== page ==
This is the same kind of analysis that Hafele and Keating did for their experiment; the only difference is that, AFAIK, they used an Earth centered inertial frame, so there was no ##\omega## term, and they did not take into account the gravitational potential of the Moon (which in the vicinity of the Earth is about an order of magitude smaller than the smallest effect Hafele and Keating took into account in their calculations).

jbriggs444 said:
the time dilation factor, aka the relativistic gamma
Actually, the time dilation factor relative to infinity is the reciprocal of gamma. It corresponds to the ##v^2 / c^2## term in the formulas I posted in post #28.

PeterDonis said:
So your intention is for the clock that goes to the Moon to stay on the Moon for a time that is very long compared to the Earth-Moon travel time? (For example, it stays on the Moon for a year, compared to three days of travel time each way.)
Do we need to transport clocks? Couldn't we just measure the frequency shift of signals?

Klystron and Vanadium 50
A.T. said:
Couldn't we just measure the frequency shift of signals?
That can give information about instantaneous relative time dilation factors, yes. (Even there, though, there are complications if the clocks are not at rest, since the time dilation factor of a given clock can change while the signals are traveling.) But translating that into differences in total elapsed time, for clocks that do not meet at the start and end of the experiment, still requires choosing a simultaneity convention.

PeterDonis said:
What cancellation are you referring to here?
If the earth and moon had the same mass and radius, the gravitational effects would cancel. They don't, so the cancellation is only partial: 2/3 or so.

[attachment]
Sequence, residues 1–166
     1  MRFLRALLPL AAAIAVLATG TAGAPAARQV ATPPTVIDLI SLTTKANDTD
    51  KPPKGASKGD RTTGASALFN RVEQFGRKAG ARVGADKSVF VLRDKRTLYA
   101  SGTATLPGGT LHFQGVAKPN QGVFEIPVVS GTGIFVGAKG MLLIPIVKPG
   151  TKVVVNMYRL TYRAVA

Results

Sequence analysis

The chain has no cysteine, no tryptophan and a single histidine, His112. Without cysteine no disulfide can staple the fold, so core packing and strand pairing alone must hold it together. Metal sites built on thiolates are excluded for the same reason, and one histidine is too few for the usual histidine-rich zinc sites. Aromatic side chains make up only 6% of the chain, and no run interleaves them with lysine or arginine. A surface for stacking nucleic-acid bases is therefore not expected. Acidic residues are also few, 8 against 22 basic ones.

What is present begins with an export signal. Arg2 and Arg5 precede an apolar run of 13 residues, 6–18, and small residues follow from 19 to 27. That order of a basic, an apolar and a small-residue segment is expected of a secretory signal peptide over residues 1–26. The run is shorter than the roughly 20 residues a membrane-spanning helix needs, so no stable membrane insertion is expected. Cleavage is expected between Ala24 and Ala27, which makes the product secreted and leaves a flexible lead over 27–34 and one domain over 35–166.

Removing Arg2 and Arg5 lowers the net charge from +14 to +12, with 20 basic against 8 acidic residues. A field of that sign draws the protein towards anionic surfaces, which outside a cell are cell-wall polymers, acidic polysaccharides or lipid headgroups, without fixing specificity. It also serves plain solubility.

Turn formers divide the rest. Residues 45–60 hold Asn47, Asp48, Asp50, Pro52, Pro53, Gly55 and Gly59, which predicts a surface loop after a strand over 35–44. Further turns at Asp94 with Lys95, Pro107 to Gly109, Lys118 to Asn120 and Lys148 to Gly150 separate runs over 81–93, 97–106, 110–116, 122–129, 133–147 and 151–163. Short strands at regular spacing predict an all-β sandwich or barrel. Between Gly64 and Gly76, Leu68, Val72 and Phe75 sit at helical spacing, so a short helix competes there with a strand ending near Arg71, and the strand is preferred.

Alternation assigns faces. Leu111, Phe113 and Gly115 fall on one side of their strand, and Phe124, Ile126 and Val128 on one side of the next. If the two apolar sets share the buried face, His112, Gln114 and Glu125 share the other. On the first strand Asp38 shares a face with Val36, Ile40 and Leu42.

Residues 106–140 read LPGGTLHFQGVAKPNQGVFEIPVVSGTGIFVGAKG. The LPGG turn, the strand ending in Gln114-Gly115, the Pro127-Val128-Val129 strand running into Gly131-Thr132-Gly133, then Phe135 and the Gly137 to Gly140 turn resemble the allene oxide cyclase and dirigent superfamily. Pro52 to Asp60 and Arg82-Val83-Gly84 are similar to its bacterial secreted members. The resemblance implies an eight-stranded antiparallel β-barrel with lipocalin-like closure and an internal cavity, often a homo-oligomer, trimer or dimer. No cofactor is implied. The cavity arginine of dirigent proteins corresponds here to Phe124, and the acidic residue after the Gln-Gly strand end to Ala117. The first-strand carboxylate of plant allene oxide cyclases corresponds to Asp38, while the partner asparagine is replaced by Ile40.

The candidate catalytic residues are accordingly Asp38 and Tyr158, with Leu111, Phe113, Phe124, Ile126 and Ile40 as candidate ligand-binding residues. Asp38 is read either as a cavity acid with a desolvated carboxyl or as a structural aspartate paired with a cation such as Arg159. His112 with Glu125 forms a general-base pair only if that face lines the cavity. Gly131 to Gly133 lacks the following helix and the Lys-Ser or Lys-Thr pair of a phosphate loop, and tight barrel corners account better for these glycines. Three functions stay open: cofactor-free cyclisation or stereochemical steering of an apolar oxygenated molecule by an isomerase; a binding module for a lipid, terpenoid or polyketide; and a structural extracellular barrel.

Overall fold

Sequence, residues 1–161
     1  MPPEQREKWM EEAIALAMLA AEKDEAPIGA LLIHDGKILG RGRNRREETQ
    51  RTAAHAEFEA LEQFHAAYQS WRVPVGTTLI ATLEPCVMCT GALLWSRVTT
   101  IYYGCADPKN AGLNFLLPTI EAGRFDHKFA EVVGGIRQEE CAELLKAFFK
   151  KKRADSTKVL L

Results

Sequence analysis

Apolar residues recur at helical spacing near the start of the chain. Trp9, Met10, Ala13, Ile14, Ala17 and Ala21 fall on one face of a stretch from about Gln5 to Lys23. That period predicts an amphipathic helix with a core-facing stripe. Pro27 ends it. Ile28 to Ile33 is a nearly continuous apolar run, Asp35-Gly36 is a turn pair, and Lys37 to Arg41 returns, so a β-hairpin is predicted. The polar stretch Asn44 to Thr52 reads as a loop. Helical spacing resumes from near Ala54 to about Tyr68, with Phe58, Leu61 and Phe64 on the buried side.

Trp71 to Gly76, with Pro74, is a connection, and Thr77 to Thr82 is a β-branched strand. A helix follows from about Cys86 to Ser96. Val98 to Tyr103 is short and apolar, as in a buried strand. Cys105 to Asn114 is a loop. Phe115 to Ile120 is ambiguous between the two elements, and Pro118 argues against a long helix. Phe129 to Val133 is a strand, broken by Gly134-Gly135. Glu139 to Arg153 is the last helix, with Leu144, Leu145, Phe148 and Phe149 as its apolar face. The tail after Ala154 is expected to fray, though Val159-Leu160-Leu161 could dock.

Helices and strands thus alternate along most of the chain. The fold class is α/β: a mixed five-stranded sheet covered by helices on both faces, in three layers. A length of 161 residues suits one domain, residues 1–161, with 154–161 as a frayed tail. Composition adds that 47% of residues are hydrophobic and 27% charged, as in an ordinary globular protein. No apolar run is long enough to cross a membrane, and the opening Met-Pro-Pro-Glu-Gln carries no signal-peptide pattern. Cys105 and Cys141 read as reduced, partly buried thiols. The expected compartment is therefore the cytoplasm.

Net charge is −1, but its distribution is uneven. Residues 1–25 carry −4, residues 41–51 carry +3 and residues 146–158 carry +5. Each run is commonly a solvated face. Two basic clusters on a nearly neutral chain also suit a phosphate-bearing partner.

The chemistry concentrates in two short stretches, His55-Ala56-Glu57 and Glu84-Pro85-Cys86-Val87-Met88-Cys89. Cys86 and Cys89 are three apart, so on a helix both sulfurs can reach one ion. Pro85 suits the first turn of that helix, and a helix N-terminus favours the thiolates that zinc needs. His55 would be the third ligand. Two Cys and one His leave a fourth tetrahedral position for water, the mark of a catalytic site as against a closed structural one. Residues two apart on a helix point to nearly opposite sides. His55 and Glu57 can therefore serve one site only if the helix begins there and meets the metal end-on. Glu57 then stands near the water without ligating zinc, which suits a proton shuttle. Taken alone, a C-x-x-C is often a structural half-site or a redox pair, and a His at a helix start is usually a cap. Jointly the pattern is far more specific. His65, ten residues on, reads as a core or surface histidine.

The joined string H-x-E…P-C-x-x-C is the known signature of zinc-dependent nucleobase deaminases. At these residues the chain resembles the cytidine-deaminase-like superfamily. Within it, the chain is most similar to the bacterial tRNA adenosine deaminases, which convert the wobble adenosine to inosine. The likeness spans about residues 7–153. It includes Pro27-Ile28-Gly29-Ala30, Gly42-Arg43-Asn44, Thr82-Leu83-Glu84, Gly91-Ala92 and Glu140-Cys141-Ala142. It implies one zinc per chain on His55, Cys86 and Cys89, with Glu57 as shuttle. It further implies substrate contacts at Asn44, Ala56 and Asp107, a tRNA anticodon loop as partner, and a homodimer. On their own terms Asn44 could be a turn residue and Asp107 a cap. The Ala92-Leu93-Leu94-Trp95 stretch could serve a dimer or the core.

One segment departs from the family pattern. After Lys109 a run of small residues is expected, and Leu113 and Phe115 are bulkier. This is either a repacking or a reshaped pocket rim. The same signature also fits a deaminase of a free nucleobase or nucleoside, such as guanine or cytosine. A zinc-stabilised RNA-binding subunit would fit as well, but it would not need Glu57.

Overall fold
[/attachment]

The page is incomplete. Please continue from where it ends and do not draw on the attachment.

Vanadium 50 said:
If the earth and moon had the same mass and radius, the gravitational effects would cancel.
If by "gravitational effects" you mean the potential, no, those do not cancel. Look at the formulas I gave in post #28. The effects of the potentials of both the Earth and the Moon have the same sign.

The "acceleration due to gravity" due to the Earth and Moon will cancel at a certain point between them, but that has no effect on time dilation, which is the subject of this thread.

PeterDonis said:
That can give information about instantaneous relative time dilation factors, yes. (Even there, though, there are complications if the clocks are not at rest, since the time dilation factor of a given clock can change while the signals are traveling.) But translating that into differences in total elapsed time, for clocks that do not meet at the start and end of the experiment, still requires choosing a simultaneity convention.
I think, for a tidally locked system in perfectly circular orbits you would have a constant frequency shift, which would correspond to difference in elapsed time over long periods of time (where the travel to meetings becomes negligible).

A.T. said:
I think, for a tidally locked system in perfectly circular orbits you would have a constant frequency shift
Not if you're talking about clocks in a Hafele-Keating type experiment where one clock goes to the Moon and then comes back. That clock, at least, will not have constant ##r## and ##v## (in the notation of my post #28), and the frequency shift of signals between it and the other clock (if we assume the other clock is at rest on the rotating Earth) will not be constant.

Even if you only consider the period of time when the Moon clock is at rest on the Moon, the frequency shift between that clock and a clock at rest on the rotating Earth will still not be constant, since the Earth's rotation period is much shorter than the Moon's (the latter is the rotation period of the frame itself). To get a constant frequency shift you would have to have the Earth clock "hovering" above the Earth and rotating about it with a period of one month (which of course is not a free-fall orbit, it would require rocket power) while the Moon clock is at rest on the Moon (and presumably at the point directly facing the Earth). (Even that ignores things like libration, but we are leaving those kinds of complications out here.)